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sweet&fat

My aim is true.
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I think it depends on the type of class (lecture/seminar) and how you run your classroom. If it's a big lecture class, I stick with professor, since the students won't be getting to know me all that well. For seminars, I usually write "Professor Firstname Lastname" up on the board and let them figure out what they want to call me. It's usually a hodgepodge of all three, but each person gets to decide for him/herself what feels right.

The only hesitation I have about letting students call me by my first name instead of professor or my last name is that the first semester that I taught a seminar I let the students call me by my first name, and they walked all over me. That was also likely due to my inexperience, but I quickly learned that undergrads (especially younger ones) want you to be a professor, or at least introduce yourself as such. The title makes a big difference to them, even if you and I know that it's silly to invest so much in it. Older students are likely much more self-disciplined, especially grad students I'd imagine!

Good luck! What's your field?

My first semester of teaching is underway! So I'm now a legit professor. :cool:

I had a little period of questioning about what to have my students call me. I'm not done with my PhD yet, so I'm not a "Dr." and I didn't want to be called "Ms." because that is just stupid. And the reality is, I have a really informal, unpretentious personality, so it just didn't make sense to call me "Professor Smith" or whatever. So I'm just going with my first name.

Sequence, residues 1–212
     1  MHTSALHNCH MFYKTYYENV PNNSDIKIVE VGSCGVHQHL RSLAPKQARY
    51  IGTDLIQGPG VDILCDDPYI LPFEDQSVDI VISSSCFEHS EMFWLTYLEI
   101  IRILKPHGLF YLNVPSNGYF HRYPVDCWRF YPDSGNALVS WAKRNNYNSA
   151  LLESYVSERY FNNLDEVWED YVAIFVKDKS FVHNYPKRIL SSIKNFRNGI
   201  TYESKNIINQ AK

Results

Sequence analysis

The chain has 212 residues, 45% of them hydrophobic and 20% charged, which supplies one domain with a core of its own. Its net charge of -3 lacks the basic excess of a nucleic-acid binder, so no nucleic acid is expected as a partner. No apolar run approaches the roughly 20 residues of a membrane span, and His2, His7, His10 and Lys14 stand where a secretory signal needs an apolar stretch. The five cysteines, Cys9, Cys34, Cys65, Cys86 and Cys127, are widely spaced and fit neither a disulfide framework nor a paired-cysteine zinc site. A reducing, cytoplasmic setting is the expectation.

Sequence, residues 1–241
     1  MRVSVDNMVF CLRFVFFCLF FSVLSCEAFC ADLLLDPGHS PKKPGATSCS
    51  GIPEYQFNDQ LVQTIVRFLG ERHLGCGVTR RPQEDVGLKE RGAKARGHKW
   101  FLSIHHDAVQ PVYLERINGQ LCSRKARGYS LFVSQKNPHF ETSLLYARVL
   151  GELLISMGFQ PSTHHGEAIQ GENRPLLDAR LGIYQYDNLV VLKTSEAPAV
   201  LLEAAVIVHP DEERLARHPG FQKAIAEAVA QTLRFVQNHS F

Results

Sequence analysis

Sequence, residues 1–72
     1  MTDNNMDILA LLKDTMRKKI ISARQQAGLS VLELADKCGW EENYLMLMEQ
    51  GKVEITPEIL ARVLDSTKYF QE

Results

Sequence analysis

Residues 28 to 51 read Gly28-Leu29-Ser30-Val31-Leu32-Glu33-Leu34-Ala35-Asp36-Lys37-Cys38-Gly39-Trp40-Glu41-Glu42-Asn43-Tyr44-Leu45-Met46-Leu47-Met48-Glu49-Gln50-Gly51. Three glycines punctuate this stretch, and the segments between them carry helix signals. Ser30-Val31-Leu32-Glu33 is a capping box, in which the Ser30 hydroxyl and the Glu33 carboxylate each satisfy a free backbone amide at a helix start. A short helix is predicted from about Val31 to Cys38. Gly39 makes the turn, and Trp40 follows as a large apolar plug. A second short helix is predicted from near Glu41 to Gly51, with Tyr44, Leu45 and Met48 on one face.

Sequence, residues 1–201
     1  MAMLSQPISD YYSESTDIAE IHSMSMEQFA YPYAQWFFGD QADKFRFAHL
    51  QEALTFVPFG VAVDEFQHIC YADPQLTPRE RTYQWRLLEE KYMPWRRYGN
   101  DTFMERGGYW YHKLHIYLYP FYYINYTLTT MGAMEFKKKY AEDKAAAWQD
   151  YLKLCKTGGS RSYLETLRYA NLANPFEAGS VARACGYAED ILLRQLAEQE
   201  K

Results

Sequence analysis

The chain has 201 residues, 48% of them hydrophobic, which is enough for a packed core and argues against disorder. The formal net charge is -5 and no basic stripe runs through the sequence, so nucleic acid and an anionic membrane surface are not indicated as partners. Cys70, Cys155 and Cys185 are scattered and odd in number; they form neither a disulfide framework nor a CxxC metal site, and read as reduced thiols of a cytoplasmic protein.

It was a tough decision because probably about half the class is older than me (I'm not super young, but these grad students are a bit older - especially since I'm teaching a night class and most of them have jobs during the day) and I wondered whether it would be a problem if I was too informal.

But I really don't think true respect comes from a title anyway. What do you other professors on here have your students call you?
 
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LovelyLiz

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The only hesitation I have about letting students call me by my first name instead of professor or my last name is that the first semester that I taught a seminar I let the students call me by my first name, and they walked all over me. That was also likely due to my inexperience, but I quickly learned that undergrads (especially younger ones) want you to be a professor, or at least introduce yourself as such. The title makes a big difference to them, even if you and I know that it's silly to invest so much in it. Older students are likely much more self-disciplined, especially grad students I'd imagine!

Good luck! What's your field?
Thanks so much for your input! Really helpful. At this point, I'm learning a lot as I go. :)

Yeah, that "walking all over me" piece was the one I was worried about. I'm kind of a big softie anyway, but I also drive a hard line in terms of expecting these people to be responsible and get their stuff done, because they're adults and working on master's degrees. So I'm finding that balance.

I work in the field of ethics, specifically theological ethics. What about you? I think I remember you being an art history mofo? :)
 

Ned Sonntag

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I'm formulating vague plans:blush: to collaborate with one of Heather's young:) academic friends on a paper about The History Of Size Acceptance And Its Imminent Emergence Into Mainstream Culture:bow:... talk about a Five-Foot Shelf:blush:~ I've got a roomfull-size collection of Endomorphic Ephemera...!!